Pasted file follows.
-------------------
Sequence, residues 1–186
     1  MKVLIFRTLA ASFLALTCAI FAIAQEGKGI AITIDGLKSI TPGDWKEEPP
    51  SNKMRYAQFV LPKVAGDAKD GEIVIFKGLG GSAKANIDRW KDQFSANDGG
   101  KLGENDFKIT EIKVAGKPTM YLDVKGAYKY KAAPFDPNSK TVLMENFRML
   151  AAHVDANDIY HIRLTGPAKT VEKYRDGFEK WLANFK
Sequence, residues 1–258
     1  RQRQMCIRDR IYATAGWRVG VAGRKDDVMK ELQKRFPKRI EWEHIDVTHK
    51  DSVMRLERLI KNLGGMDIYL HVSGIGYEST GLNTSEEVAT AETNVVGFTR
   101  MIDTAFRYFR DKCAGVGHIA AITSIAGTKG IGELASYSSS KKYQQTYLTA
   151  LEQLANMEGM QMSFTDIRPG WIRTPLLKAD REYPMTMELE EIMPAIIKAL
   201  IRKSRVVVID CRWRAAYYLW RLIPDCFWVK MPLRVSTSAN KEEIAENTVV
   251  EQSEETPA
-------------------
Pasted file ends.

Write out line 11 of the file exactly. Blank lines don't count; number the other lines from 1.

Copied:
   201  IRKSRVVVID CRWRAAYYLW RLIPDCFWVK MPLRVSTSAN KEEIAENTVV